The Indian prime minister is all set to travel to Africa in the next two months, as part of his plan to broaden engagements with the continent. While trade between India and African countries has risen in recent years, there’s much left to be done.
Last October, New Delhi announced a doubling of India’s assistance to African nations, with $10 billion in concessional loans over the next five years. India also offered $600 million in grant assistance to African countries for focused spending on key areas such as healthcare, education, and technology.
Although some of the big spending is with an eye on China’s growing influence in the region, the Modi government is also aware of the massive investment opportunities in the continent.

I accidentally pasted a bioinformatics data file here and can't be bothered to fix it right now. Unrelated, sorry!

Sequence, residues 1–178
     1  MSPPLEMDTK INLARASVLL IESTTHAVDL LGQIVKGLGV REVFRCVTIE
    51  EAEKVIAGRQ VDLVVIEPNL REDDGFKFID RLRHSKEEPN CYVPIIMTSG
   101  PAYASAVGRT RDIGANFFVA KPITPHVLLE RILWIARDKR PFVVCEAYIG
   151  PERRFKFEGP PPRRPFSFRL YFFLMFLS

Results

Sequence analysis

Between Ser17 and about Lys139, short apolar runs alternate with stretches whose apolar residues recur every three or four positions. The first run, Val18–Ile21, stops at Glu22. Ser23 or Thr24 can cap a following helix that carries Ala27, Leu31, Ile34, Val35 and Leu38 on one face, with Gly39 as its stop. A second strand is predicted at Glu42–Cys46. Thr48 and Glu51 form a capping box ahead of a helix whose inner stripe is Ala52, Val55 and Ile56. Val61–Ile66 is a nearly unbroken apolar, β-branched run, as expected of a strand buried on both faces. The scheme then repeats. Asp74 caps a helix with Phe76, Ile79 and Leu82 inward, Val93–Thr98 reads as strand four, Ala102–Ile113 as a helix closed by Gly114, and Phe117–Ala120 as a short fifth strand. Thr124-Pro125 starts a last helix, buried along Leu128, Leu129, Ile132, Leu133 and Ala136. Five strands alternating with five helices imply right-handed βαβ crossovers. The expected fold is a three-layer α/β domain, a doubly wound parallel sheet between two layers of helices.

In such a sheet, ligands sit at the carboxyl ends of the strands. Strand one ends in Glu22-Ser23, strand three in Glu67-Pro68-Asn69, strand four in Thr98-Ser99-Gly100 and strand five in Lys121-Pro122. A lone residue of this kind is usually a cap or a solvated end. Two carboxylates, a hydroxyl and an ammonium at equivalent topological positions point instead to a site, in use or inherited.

Riaz Haq said...

#Africans in #India face constant battles with #racism | Fox News |

http://www.foxnews.com/world/2016/06/09/africans-in-india-face-constant-battles-with-racism.html

The daily indignities Africans suffer usually go undocumented both by the police and local media.

That changed on May 20, when Congolese student Masunda Kitada Oliver was fatally attacked in a dispute over hiring an autorickshaw in New Delhi. Three men who insisted they had hired the vehicle beat him up and hit him on the head with a rock, killing him, according to police.

The death made the city's African students, diplomats and business owners rally together demanding quick justice. The African Heads of Mission in New Delhi issued a statement asking the government to address "racism and Afro-phobia" in the country.

"Given the pervading climate of fear and insecurity in Delhi, the African Heads of Mission are left with little option than to consider recommending to their governments not to send new students to India, unless and until their safety can be guaranteed," the statement said.